The games go on, as they always do. But from the courts in Australia to the stands in Alabama, athletes and fans are thinking about something besides sports.

"I think the major concern is whether we have a war or not. That's what I'm concerned with," San Antonio Spurs star David Robinson, a Navy lieutenant, said near the midnight deadline for Iraq to leave Kuwait.Robinson, who scored 26 points in the Spurs' 124-102 loss in Utah Tuesday night, could be called to duty in the Persian Gulf.

"If I have to serve, I'll serve and go eagerly," he said. "I don't consider myself any different than anyone else."

Professional soccer player Waad Hirmez, 29, came to the United States from his native Iraq in August 1979 and became a U.S. citizen in March 1986. The San Diego Sockers midfielder said Tuesday night he is worried about the possibility of a U.S. war with Iraq.

"Although my mother lives with me in San Diego, I still have two aunts, an uncle and four cousins living in Baghdad," he said. "My parents' home is only a mile from Saddam (Hussein's) palace, and if anything happens, it will be gone.

"Everyone there is not a terrorist," Hirmez said. "Most are just normal people. I was hoping that someday I could take my wife and kids to Baghdad and show them the place where I was born. But now I don't know if I'll ever see it again.

"I thank God I am here, but I'm afraid for the people in the country where I was born. It's a terrible fear. There can be no victory for me. I pray for peace."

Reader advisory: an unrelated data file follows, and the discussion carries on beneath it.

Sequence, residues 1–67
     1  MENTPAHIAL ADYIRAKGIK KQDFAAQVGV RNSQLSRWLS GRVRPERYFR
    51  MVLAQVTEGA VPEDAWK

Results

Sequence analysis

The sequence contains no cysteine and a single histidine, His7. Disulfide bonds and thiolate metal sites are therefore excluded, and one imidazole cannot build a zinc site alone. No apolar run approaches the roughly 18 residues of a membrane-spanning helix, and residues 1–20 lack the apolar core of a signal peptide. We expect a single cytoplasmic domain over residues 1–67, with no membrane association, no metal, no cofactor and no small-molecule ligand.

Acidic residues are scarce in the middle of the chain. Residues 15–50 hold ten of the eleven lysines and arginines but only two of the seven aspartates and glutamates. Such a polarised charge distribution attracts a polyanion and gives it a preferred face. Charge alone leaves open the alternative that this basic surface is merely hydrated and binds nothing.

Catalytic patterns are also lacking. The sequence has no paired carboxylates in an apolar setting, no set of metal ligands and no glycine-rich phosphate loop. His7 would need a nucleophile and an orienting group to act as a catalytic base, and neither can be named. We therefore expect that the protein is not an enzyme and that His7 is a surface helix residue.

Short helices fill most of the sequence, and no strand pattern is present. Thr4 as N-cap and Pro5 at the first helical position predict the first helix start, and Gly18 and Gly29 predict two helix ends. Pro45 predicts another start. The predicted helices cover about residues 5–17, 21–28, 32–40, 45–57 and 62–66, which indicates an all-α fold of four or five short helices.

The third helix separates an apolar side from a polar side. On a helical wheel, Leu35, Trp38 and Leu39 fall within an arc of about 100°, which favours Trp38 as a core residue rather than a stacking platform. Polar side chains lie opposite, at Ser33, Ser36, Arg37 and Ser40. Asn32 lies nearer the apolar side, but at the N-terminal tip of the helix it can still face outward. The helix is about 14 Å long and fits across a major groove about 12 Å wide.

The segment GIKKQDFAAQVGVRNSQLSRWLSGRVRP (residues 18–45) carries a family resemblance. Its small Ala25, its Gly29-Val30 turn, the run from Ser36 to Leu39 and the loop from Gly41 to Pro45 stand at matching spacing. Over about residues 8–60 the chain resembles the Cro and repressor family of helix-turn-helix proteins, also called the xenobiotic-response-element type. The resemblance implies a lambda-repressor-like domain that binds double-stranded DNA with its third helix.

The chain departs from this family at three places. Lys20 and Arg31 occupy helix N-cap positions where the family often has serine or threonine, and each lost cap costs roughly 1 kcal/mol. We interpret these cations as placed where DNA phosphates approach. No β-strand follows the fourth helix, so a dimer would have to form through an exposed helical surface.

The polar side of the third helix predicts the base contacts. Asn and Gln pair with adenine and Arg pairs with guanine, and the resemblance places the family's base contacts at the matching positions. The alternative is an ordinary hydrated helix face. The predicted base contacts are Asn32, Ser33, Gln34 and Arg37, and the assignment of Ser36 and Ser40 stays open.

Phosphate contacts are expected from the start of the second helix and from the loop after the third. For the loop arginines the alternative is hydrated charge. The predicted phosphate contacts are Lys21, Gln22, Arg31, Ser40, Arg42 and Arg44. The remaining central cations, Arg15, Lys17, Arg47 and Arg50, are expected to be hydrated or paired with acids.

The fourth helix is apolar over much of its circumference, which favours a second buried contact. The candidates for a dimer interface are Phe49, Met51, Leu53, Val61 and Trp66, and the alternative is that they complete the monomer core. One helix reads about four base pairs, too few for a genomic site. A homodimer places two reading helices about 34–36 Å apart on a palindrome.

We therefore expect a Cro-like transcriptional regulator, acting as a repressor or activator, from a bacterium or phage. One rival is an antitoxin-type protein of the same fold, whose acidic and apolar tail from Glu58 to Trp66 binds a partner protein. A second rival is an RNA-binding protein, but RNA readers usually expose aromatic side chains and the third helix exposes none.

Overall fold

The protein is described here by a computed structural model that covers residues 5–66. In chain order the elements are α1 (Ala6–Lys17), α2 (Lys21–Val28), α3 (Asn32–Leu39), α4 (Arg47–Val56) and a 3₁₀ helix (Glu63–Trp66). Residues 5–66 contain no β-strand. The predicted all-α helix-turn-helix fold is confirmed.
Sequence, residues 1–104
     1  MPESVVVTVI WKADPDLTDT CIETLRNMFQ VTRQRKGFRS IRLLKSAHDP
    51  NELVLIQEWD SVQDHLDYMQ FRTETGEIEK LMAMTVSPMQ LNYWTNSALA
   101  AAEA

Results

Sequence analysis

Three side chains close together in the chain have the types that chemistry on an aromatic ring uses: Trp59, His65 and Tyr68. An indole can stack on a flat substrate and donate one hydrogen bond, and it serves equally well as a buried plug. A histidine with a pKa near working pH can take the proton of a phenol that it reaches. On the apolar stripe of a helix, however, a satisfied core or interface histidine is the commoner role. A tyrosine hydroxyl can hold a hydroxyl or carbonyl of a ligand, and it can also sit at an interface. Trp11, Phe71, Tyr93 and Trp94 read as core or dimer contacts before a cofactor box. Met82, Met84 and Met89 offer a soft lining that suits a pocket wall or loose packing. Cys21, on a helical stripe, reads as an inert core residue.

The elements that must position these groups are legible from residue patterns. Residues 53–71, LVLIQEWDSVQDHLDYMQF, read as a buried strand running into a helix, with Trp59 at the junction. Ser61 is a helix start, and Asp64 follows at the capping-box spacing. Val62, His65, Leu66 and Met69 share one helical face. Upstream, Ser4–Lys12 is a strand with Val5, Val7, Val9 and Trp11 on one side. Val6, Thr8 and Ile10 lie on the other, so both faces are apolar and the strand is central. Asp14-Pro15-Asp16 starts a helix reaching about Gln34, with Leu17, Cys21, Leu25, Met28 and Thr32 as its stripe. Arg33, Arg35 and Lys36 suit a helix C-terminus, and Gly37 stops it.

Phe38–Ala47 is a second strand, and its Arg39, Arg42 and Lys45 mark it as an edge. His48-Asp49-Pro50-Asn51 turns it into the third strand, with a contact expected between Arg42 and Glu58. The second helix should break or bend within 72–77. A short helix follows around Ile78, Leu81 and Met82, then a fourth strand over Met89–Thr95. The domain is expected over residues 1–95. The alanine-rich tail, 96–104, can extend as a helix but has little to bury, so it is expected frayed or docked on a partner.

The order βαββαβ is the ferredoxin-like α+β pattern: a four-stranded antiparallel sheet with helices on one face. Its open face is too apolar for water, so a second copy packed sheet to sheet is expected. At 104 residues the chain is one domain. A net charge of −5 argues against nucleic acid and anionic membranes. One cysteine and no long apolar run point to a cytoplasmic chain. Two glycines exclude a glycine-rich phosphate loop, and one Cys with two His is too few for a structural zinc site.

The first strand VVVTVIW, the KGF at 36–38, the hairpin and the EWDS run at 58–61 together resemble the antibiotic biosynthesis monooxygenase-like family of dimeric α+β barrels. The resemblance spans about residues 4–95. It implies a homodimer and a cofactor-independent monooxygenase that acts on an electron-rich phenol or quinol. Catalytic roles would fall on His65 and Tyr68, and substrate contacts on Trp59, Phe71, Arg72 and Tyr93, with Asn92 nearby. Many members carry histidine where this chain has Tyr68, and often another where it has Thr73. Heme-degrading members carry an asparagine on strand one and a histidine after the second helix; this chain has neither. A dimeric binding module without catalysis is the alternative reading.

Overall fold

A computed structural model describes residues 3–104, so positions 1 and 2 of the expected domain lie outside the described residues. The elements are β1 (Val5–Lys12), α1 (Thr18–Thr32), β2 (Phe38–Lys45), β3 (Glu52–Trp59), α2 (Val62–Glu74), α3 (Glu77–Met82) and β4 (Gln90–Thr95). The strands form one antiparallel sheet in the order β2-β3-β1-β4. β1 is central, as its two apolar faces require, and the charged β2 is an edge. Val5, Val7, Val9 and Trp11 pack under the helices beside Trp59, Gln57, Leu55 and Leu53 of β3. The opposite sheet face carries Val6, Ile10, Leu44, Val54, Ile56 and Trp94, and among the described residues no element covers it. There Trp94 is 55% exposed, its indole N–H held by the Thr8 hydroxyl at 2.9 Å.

The Middle East crisis was on the minds of many at NBA, NHL and college basketball games Tuesday night, where moments of silence were observed before the national anthem. But there were no plans to cancel any games in the United States.

The NFL has no plans to postpone Sunday's conference championship games or the Super Bowl on Jan. 27.

"The NFL is planning to complete the remaining post-season games as scheduled," spokesman Greg Aiello said. "If events during the next three weeks lead us to re-evaluate our plans, we will make an announcement to that effect at that time."

NFL players, though, will continue to wear American flag emblems on their helmets in a show of support.

At the Salt Palace in Utah, the Jazz passed out American flags to the fans. Before the game, the public address announcer said, "Let us pause and pay honor to our armed forces serving in the Persian Gulf."

Ed Reynolds, a linebacker with the New England Patriots, is a member of a reserve unit in Salem, Va., and could be called for duty.

"I think they should cancel all of professional sports out of respect for the soldiers fighting. Why should we be over here having fun and playing games when they're over there fighting?" said Joni Powell, an Indiana Pacers Pacemate cheerleader.

But Ray Willman, 72, of Everett, Wash., disagreed. Before the Denver-SuperSonics game, he said it would be an overreaction to cancel sporting events if war started.

Willman, who served in the South Pacific in World War II, said he didn't think postponing games would make servicemen feel better.

"When I was overseas, games of any kind were the last thing on my mind," he said.